Common Nursing interview questions new graduate
Nursing has always been considered a ‘safe’ career choice, in that jobs were easy to come by and the sentiment ‘you’ll never have to look for work’ widely accepted. Now however, that has all changed, especially for graduate nurses. Throughout Australia, the competition for graduate positions has never been higher. A graduate job is far from guaranteed.
According to an Australian Nursing and Midwifery Federation government submission, published this April, in 2014 an estimated 15% of all nursing and midwifery graduates Australia-wide will be left unemployed. In 2013, 60% of Tasmanian and 72% of Queensland graduates were unemployed, joining another 800 graduates in Victoria, 400 in Western Australia and 280 in South Australia. Given these numbers, the pressure to secure a graduate position is incredibly high. (You can read about my stress waiting to hear if I would be successful in gaining employment here.)
The question on every nursing students’ mind is “How can I maximise my chances of securing a graduate nursing position?” Hopefully, this post might give you some useful tips and advice.
I repeatedly hear students asking, “Are grades a determining factor in graduate selection?” with a common response being “no-one looks at them”. For a number of reasons I have to disagree with the sentiment that marks are not important. First and foremost, to be a safe and competent nurse, and avoid doing accidental harm to your patients, you need the sound knowledge and critical thinking skills which come through dedication to learning. Secondly, students on clinical placements who have this knowledge base and ability to ask pertinent questions make very good impressions on their supervising nurses and NUMs, impressions that can lead to positive references. Thirdly, your graduate interview will ask scenario-based questions, which to answer correctly and completely, you will need to draw on the knowledge you have gained throughout your studies.
Lastly, while not all organisations look at your over-all GPA, there are some that do, especially in the private sector. As competition for graduate jobs increases, I believe more and more organisations will look closer at grades. However, at the same time, these organisations are also realising that grades are not the only indicator of your knowledge and skills and are changing their recruitment processes to reflect this.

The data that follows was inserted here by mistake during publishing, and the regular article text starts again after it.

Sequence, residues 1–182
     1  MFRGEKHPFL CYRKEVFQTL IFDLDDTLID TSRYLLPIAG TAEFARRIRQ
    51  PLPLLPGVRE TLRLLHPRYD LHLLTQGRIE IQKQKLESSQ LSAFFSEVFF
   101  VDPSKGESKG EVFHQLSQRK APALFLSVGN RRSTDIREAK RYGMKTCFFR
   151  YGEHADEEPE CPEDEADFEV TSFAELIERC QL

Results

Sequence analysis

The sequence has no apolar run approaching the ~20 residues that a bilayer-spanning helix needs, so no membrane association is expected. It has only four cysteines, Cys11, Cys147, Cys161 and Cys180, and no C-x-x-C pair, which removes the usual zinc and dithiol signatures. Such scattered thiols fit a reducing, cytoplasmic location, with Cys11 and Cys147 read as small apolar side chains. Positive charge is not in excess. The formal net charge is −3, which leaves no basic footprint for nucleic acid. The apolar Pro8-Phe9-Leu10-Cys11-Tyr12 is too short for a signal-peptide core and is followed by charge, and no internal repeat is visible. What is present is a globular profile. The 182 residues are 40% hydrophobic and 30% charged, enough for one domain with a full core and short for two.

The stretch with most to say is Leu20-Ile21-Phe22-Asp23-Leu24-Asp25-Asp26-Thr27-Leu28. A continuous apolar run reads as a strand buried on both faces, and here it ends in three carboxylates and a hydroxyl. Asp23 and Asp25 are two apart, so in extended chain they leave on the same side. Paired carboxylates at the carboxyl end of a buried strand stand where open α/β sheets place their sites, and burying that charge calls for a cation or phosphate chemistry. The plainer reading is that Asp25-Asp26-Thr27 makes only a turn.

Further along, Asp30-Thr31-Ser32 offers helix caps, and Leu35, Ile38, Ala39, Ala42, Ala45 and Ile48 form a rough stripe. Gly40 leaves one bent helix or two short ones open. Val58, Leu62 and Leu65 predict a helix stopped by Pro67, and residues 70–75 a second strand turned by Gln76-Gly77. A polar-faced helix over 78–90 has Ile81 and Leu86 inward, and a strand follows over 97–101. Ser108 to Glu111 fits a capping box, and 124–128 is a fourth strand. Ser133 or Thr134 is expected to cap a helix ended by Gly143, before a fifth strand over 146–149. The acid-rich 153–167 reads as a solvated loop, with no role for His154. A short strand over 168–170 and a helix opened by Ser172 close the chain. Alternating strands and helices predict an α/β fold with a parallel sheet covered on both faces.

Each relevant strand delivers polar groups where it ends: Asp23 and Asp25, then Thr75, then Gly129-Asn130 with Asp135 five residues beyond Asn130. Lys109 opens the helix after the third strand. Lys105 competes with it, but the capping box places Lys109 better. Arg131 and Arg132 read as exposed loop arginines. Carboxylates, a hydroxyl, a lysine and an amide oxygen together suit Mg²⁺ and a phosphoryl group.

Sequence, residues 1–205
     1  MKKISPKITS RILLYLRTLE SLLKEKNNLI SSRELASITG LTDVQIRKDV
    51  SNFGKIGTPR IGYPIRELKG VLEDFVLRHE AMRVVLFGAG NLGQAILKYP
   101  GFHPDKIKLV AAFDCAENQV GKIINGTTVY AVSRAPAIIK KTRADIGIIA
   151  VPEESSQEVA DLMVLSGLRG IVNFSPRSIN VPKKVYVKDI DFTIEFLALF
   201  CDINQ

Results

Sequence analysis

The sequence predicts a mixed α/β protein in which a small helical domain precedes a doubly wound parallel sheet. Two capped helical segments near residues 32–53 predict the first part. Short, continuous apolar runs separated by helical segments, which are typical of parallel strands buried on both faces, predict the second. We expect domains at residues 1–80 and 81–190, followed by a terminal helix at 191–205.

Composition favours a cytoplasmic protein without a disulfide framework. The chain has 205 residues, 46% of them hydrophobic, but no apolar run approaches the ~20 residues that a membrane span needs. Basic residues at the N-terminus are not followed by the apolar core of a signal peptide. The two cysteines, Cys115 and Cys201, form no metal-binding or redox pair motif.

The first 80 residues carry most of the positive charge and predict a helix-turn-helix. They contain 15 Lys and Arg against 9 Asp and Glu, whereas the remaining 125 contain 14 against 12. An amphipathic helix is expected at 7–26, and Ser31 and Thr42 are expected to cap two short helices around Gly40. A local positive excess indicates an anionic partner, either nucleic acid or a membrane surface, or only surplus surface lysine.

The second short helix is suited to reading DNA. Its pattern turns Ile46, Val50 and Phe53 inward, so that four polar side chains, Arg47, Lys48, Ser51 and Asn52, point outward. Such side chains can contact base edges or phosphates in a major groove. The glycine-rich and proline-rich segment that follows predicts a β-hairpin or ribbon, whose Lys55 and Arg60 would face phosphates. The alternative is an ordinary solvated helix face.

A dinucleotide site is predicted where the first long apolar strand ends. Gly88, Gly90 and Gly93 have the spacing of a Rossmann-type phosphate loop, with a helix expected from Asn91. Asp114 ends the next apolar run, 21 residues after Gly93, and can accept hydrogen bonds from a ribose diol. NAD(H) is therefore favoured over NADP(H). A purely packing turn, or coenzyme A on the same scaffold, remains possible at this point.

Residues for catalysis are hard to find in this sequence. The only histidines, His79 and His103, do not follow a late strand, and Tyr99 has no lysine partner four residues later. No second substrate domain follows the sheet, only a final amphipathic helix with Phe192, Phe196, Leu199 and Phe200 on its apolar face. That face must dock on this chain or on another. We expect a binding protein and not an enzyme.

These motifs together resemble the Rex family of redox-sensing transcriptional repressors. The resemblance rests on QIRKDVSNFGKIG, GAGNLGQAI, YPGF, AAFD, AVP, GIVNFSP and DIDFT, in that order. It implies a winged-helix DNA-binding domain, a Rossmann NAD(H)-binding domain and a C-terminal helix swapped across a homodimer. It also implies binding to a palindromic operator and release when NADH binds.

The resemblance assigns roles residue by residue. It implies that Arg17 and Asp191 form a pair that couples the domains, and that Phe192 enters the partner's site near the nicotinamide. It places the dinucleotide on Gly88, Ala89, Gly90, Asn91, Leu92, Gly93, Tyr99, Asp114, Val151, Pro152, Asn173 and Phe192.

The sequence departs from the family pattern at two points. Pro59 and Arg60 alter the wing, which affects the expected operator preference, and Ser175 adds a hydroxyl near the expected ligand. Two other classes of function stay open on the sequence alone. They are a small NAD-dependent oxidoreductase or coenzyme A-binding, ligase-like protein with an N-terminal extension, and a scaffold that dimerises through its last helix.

For example, the QLD Mater Health Services graduate recruitment is a four pronged approach, which includes a team activity, a role play activity, a one-on-one interview and a paper-based activity. This approach allows applicants to demonstrate a wide range of skills and competencies in different situations.
Taking all these points into account, while your official grades per se may not be a determining factor, what you learn during your degree, your ability to transfer this knowledge into practice and your critical thinking skills are what will help you stand out in graduate selections. So, in my opinion, preparation for securing a graduate position really starts from day one of your degree.
Clinical placements are an amazing opportunity for students, both for learning and making new connections. Every prac should be considered a job interview, especially those undertaken in your final year of studies. Turn up on time, be enthusiastic, work hard, and be mindful who you complain to about the hospital or previous placements – you will be surprised how small a world nursing really is.
Make the effort to introduce yourself to the NUM and personally thank them at the end of your placement. Making a good impression on prac can lead to a great reference, or even, down the track, a job offer.